Roundup: March 16, 2016

Each Wednesday, we’ll publish quick summaries of the articles from the last week on We’re doing this because these articles are often strongly connected to the issues that National Motorists Association members are interested in.

Wednesday, March 16, 2016
States Advance License Plate Reader Restrictions
A number of states are having second thoughts about automated license plate readers (ALPR, also known as ANPR in Europe). On Monday, the Oklahoma Senate voted unanimously in favor of restrictions on police use of motorist information. Plate readers, which have come into wide use across the country, allow local police to share real-time tracking information on any motorist with other departments and federal agencies.

Tuesday, March 15, 2016
Arizona To Slash Red-Light Camera Tickets With Definition Change
A great deal of money rests on a seemingly minor word change in the legal definition of an Arizona intersection. Earlier this month the state House voted 57 to 3 to conform its definition to the language used everywhere else in the continental United States. The move would slash the number of red-light camera citations issued in the state by effectively giving motorists more time to clear an intersection before seeing a flash in their rear-view mirror.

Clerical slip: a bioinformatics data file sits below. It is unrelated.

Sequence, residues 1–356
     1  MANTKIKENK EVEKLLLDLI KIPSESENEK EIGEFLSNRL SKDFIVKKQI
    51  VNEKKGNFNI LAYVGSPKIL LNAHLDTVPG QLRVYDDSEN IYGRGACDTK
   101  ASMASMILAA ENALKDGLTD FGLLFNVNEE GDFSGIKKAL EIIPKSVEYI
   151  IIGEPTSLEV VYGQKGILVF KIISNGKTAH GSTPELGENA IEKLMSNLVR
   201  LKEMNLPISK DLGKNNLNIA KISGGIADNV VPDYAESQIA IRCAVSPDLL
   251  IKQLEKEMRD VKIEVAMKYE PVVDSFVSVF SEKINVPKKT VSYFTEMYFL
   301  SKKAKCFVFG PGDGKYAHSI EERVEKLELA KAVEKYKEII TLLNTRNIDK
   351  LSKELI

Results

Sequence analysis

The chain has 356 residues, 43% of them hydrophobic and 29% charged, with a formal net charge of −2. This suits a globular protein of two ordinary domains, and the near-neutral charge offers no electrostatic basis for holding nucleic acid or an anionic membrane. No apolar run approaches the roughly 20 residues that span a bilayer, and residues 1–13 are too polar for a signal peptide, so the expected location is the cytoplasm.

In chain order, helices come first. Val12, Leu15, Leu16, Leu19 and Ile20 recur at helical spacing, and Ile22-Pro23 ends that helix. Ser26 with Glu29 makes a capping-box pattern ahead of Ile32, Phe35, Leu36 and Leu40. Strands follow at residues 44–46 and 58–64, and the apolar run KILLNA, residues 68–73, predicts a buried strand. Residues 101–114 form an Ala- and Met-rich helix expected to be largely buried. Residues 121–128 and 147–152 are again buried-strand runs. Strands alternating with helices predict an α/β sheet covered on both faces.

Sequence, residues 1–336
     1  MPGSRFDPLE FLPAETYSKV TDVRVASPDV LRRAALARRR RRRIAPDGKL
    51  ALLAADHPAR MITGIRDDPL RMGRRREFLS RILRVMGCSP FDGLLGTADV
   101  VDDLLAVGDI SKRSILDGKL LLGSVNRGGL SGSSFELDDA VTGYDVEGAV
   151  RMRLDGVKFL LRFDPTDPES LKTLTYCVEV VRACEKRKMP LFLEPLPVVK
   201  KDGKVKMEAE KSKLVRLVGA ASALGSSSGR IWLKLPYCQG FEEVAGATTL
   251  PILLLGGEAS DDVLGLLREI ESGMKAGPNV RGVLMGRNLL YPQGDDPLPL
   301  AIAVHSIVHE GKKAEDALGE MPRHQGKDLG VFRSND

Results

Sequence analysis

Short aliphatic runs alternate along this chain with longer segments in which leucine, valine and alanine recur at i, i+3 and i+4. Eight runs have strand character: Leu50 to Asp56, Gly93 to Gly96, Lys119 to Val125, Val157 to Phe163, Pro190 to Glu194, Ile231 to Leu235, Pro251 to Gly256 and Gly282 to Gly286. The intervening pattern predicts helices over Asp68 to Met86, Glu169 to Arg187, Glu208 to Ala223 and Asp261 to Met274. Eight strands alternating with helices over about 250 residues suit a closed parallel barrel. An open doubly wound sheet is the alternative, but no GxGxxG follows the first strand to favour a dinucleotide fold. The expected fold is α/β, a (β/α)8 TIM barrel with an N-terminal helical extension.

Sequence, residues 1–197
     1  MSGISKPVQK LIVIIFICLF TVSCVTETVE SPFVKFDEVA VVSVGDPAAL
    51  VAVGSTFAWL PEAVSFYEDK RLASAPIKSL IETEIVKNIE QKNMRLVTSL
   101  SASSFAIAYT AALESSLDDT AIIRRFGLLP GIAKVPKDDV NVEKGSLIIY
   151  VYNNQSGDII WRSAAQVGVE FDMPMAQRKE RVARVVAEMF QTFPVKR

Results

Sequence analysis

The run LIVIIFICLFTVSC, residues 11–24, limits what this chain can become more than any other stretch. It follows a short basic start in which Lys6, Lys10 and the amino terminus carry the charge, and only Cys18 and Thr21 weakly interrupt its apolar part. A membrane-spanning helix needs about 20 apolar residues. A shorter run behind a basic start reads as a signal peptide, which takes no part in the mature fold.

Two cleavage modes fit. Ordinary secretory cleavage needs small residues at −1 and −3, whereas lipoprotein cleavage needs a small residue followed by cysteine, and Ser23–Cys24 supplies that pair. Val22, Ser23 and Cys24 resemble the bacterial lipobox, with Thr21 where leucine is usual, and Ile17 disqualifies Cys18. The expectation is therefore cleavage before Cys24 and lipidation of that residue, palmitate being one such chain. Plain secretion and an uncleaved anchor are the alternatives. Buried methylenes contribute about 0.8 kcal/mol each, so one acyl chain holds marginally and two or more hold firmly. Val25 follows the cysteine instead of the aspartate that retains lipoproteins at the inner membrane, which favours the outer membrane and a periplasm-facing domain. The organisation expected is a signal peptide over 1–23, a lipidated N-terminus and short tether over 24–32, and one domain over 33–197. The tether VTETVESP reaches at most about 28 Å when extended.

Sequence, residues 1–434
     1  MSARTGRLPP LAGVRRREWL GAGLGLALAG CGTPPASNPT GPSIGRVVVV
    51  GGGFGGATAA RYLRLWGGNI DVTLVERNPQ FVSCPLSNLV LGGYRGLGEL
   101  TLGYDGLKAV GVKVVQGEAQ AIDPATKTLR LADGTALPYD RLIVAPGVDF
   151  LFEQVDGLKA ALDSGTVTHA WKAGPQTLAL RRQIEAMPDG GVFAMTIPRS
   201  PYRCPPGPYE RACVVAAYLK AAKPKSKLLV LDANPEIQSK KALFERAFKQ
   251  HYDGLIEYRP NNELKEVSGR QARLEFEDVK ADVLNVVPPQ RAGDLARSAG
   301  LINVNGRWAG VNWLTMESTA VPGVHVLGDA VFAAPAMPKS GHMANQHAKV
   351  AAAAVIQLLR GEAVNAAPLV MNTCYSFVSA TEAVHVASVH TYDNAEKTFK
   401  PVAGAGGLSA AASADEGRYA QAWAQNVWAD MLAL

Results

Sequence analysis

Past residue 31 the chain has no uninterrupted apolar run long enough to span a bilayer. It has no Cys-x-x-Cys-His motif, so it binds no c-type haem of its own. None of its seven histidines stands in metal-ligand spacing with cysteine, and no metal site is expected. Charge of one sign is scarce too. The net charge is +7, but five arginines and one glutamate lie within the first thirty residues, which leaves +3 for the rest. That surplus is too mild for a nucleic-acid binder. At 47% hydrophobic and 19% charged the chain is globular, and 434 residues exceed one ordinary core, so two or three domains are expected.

Monday, March 14, 2016
France: Speed Camera Defaced
In Saint-Denis-de-Mailloc, France, vigilantes disabled a speed camera yesterday. According to Le Pays d’Auge, the camera’s lenses were spraypainted black and the word “tirelire,” which means piggy bank, was scrawled on the side.

Friday, March 11, 2016
Texas Toll Road Failure Raises Question Of PPP Viability
A toll road in Texas declared bankruptcy last week, raising concern about tolling’s long-term viability. The State Highway 130 project was the Lone Star State’s first public private partnership tolling deal, which served as a symbol of the Texas Department of Transportation’s (TxDOT) overall plan to add toll booths to every freeway. It flopped.

Thursday, March 10, 2016
Florida Court: Cops May Not Hold Licenses As Leverage To Search
Police officers may not hold a Florida driver’s license and demand to search a vehicle. That was the conclusion last month of a three-judge state Court of Appeal panel that ruled the search of Joey Villanueva’s van unconstitutional.

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